The Priestess




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The tarot called now usually titled “The High Priestess” was traditionally named “The Papess” (female pope). The card is an enigma for tarot historian. Did it represent an actual female pope (perhaps the legendary Pope Joan or the heretical Guglielmite pope, Sister Manfreda)? Or did it represent a generic archetype of female religious authority, completing the symmetry of Emperor and Empress in the ecclesiastical domain? Or does it reflect influence of some other religious tradition, now obscure or uncertain?

Whatever the original motivation for this card and image, The Priestess is undeniably one of the most evocative and fascinating tarot symbols for us today. Modern Pagans see her as a symbol of goddess spirituality and pre-patriarchal religion. Psychologically astute tarot readers see Carl Jung’s “anima” archetype: the feminine alter-ego dwelling within a man’s personality.

In the model I’ve been using in this series, the Priestess becomes the connection between Younger Self and the body, between the imagination and the physical world. Whereas Emperor, Empress, and Priest all link parts of the individual’s personality together, the Priestess is a link between the personality and the tangible world of matter and the senses.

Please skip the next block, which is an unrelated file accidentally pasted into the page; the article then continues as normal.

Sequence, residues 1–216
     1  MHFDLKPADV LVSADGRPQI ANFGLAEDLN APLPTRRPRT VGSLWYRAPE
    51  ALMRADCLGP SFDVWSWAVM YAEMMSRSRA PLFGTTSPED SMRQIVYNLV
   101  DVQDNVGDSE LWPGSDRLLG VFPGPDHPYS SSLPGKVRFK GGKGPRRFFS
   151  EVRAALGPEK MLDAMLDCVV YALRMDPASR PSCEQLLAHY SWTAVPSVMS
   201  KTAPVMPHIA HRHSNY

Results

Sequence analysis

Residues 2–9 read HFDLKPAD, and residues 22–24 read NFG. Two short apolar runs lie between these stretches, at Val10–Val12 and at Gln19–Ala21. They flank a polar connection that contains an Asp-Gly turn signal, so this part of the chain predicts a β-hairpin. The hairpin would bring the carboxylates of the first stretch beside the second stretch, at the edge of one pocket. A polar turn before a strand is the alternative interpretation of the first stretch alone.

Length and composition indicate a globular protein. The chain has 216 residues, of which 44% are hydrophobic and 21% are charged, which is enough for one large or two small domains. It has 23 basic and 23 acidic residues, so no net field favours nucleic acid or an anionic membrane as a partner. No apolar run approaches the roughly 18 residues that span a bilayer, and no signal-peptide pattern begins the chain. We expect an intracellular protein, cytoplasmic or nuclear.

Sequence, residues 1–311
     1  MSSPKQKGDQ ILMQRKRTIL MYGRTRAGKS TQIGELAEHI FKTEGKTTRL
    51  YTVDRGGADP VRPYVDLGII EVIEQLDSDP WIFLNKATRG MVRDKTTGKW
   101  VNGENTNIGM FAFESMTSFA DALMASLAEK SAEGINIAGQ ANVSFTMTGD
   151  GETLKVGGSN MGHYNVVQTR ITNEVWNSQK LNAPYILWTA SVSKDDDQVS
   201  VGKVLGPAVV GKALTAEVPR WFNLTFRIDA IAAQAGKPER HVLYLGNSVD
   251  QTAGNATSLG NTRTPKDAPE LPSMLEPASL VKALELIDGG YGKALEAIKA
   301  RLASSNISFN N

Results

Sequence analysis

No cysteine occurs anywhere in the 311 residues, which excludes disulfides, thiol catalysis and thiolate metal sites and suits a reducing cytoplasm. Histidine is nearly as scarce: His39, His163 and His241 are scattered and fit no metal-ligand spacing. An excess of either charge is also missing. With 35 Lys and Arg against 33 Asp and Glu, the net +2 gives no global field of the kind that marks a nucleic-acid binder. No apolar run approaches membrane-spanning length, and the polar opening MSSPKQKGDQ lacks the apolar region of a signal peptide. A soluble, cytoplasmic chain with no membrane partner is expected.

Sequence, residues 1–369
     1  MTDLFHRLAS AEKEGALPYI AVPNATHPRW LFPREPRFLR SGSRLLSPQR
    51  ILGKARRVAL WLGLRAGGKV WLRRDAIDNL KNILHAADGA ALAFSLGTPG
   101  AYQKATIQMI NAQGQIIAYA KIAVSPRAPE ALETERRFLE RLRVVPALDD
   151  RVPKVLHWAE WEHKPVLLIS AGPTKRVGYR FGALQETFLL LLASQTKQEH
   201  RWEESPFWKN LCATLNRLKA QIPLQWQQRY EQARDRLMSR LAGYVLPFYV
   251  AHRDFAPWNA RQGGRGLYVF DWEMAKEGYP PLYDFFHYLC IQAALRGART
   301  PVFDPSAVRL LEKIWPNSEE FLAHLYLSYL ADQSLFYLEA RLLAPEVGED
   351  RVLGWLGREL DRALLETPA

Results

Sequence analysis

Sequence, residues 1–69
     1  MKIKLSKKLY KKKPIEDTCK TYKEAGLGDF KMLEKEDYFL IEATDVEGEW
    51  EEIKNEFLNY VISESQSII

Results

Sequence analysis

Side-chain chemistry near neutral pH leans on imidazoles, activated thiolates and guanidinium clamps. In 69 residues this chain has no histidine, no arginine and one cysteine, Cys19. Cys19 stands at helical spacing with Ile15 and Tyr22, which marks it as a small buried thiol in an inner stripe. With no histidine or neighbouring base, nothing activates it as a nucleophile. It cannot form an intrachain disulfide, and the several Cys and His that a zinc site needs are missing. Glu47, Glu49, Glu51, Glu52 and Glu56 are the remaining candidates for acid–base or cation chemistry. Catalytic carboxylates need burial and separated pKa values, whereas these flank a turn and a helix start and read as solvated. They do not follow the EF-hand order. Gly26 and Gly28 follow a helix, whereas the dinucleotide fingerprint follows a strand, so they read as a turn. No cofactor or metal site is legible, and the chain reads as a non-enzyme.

This is a role for the Priestess that resonates deeply with the image of priestess in the Pagan religions: she binds humanity to nature, engaging and embodying the cycles of Moon and Sun; of life, growth, and death; of matter and spirit. She is not a communicator of abstractions like the Priest; she revels in the tactile particulars of real life.

By being a conduit between the imagination and the physical world, she is also a worker of natural magic, attuning her imagination to nature’s way, and giving her intentions physical form.

For many of us, imagination and nature have become disconnected. We regard our senses as a data stream for mental processing (or perhaps a stimulus for a transient emotional response), rather than nourishment and sustenance for a rich imaginative life. Perhaps we have taken our worldview from religious traditions that deny or reject the body, the senses, and the physical environment. Perhaps we are immersed in a secular worldview that teaches us to regard the physical world with indifference, as something of no intrinsic value beyond its usefulness as an exploitable resource.

The Priestess challenges and rejects such understandings of the physical world. For her, our physicality is our connection; it joins us with other living things and with the cosmos. The glow of a moonrise, the caress of a lover, the fragrance of freshly tilled earth, the salty taste of a sea breeze: this is how we experience the sacred when we take the Priestess to heart.

The Priestess card is a reminder to keep imagination and sensation in communion, to appreciate the gifts of world and body, and to explore the richness present in each moment of experience.

Tarot Wisdom is a regular feature of Starweaver's Gems from Earth and Sky

Copyright © 2007-2008 Tom Waters